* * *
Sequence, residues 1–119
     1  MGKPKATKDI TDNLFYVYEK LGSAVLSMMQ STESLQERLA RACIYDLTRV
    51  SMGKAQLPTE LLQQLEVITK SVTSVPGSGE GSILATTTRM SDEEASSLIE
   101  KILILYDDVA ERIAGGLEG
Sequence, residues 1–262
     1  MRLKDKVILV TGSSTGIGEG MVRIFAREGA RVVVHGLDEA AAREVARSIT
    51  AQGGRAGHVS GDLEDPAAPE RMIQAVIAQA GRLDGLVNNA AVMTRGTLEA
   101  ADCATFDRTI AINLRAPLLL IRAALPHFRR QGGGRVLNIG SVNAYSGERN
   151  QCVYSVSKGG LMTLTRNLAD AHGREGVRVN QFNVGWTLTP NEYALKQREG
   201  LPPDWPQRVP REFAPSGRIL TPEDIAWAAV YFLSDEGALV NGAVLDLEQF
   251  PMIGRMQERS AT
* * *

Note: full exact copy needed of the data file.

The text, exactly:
Sequence, residues 1–119
     1  MGKPKATKDI TDNLFYVYEK LGSAVLSMMQ STESLQERLA RACIYDLTRV
    51  SMGKAQLPTE LLQQLEVITK SVTSVPGSGE GSILATTTRM SDEEASSLIE
   101  KILILYDDVA ERIAGGLEG
Sequence, residues 1–262
     1  MRLKDKVILV TGSSTGIGEG MVRIFAREGA RVVVHGLDEA AAREVARSIT
    51  AQGGRAGHVS GDLEDPAAPE RMIQAVIAQA GRLDGLVNNA AVMTRGTLEA
   101  ADCATFDRTI AINLRAPLLL IRAALPHFRR QGGGRVLNIG SVNAYSGERN
   151  QCVYSVSKGG LMTLTRNLAD AHGREGVRVN QFNVGWTLTP NEYALKQREG
   201  LPPDWPQRVP REFAPSGRIL TPEDIAWAAV YFLSDEGALV NGAVLDLEQF
   251  PMIGRMQERS AT